Up to 100,000 hectares of land in Somalia is at risk of locust invasion threatening to wipe out food and fodder production for the October/December harvests, the UN has warned.
The Food and Agriculture Organisation (FAO) a UN agency said in a statement Wednesday a looming locust crisis expected to hit southern regions and likely to cross to northeastern Kenyan is the worst outbreak in over 25 years.
According to FAO, an estimated 70,000 hectares of land have been infested by the hoppers and breeding adults in Somalia and Ethiopia. The desert locust breeding is ongoing in Somaliland, Puntland and Mudug region in Galmudug state.
“We are talking about a medium to long-term intervention. The impact of our actions in the short term is going to be very limited, but we can make a difference to support livelihoods and avoid further disastrous consequences for the next Gu season in 2020 if we act now,” says Etienne Peterschmitt, FAO Representative in Somalia.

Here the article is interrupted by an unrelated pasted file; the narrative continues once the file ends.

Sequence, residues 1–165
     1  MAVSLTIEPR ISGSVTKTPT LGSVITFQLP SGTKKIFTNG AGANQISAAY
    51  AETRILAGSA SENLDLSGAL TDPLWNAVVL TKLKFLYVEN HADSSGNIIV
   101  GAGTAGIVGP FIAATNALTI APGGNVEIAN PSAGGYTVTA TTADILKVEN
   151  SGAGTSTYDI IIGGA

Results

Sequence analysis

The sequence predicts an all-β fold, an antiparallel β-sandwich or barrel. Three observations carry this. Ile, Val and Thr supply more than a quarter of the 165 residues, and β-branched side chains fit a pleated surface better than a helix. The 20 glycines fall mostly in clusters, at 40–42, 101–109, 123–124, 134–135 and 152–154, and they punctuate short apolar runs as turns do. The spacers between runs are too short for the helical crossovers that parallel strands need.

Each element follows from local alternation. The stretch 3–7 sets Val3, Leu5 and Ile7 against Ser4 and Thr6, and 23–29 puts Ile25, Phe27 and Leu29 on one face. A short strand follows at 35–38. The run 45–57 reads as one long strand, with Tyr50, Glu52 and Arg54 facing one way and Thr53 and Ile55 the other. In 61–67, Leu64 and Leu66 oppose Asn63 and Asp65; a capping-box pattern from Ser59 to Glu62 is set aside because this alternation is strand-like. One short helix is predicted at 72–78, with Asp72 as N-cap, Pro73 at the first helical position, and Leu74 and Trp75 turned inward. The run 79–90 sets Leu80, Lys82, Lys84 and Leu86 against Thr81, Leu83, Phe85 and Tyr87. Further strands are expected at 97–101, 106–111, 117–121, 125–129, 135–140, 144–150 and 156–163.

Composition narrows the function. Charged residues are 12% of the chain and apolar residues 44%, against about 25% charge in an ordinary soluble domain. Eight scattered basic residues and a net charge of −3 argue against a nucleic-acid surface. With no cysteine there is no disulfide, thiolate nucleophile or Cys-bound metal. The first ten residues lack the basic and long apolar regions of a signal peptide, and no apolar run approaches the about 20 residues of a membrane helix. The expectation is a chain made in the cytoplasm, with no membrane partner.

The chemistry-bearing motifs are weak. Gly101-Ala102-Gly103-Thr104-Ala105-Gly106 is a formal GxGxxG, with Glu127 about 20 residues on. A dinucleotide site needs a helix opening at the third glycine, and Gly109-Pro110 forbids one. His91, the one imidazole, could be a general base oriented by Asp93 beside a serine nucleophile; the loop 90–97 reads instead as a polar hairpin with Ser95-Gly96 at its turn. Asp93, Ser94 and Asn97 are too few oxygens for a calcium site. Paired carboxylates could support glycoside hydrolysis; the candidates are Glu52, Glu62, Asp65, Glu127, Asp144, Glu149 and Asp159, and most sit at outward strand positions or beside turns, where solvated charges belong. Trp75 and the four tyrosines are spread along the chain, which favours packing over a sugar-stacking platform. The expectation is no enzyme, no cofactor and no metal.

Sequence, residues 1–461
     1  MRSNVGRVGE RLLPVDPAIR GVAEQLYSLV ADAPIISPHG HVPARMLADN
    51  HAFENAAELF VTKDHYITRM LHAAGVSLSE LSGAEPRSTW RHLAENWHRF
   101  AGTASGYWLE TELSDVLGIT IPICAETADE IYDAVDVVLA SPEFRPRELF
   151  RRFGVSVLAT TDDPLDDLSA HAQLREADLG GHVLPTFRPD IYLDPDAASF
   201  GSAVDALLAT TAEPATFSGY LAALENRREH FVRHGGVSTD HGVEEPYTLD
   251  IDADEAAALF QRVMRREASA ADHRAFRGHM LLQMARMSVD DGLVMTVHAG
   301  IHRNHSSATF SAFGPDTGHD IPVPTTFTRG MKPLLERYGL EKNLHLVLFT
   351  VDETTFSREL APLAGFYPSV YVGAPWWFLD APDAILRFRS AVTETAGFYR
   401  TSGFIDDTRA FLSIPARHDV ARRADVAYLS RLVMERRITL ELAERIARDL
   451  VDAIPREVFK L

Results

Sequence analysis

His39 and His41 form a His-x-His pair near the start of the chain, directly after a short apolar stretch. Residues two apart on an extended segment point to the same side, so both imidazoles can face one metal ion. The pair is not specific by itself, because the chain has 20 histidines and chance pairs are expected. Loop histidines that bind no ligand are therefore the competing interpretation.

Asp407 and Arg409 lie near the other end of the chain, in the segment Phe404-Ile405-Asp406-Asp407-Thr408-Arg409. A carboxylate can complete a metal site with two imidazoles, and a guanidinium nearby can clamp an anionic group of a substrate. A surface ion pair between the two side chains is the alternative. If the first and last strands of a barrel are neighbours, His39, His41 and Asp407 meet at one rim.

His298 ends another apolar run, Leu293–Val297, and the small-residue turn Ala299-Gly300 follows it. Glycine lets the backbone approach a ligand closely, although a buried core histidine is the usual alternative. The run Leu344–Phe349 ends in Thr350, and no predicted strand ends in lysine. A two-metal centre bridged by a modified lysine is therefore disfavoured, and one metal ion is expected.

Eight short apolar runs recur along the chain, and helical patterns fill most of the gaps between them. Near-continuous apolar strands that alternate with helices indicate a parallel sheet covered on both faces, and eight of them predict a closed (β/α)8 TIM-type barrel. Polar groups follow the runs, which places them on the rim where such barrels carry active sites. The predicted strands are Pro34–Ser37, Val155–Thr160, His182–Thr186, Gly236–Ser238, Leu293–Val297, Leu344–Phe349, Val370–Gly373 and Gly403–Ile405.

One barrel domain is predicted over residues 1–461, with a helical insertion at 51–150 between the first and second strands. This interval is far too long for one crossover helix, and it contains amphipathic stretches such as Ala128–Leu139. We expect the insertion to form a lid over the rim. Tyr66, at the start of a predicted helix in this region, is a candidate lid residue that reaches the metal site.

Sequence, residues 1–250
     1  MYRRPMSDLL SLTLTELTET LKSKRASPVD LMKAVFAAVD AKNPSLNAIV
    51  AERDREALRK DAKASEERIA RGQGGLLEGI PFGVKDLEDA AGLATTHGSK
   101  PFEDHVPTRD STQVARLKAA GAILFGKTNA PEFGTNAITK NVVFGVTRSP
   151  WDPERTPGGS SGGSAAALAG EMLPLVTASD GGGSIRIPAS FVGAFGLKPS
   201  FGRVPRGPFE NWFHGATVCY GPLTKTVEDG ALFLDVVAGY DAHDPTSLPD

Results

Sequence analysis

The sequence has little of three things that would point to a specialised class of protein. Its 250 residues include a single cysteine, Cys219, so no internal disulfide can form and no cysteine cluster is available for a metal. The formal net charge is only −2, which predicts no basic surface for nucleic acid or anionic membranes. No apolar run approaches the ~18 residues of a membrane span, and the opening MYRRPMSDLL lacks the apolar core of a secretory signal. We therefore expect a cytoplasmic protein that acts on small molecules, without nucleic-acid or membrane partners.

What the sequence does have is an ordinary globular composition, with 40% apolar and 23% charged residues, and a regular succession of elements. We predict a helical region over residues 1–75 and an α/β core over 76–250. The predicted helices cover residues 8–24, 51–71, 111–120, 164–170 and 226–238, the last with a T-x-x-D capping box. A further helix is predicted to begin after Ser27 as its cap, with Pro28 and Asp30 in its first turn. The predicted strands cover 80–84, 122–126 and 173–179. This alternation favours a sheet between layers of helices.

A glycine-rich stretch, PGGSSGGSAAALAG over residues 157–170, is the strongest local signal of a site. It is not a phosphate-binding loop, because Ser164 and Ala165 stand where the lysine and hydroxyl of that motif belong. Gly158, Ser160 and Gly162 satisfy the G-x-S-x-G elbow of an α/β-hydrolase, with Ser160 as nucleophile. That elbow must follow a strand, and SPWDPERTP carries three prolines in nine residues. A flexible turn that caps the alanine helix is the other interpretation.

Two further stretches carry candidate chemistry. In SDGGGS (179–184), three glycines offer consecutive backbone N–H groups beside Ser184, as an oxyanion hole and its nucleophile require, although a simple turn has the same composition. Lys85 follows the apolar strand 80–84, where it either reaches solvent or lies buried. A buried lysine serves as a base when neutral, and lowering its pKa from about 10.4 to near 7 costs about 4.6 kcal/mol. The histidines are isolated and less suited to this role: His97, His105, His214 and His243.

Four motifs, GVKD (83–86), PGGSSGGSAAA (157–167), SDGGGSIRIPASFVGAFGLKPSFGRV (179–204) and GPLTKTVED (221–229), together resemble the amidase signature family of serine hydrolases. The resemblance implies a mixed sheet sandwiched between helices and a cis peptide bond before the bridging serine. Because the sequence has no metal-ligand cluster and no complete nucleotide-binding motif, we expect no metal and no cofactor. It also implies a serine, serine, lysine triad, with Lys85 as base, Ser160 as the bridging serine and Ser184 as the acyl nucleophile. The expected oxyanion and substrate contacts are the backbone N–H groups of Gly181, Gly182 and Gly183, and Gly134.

Peterschmitt said in the next six months, more than 100,000 hectares of land will require direct control intervention in Somalia noting the UN agency now requires $3 million for the initial response.
So far, FAO has conducted surveys covering 20,000 hectares of land in Puntland and Somalia and trained government officers on application of biopesticide in Somaliland.
FAO noted due to security concerns, aerial sprays would not be possible thus slowing down response mechanism.
The threat, FAO said will continue into 2020 adding the 2019 deyr harvests will likely be wiped out.
“The immature swarms are the most destructive stage and can seriously threaten the 2019 Deyr [October-December] season food and fodder production,” says Alphonse Owuor, Crop Protection Officer of FAO in Somalia.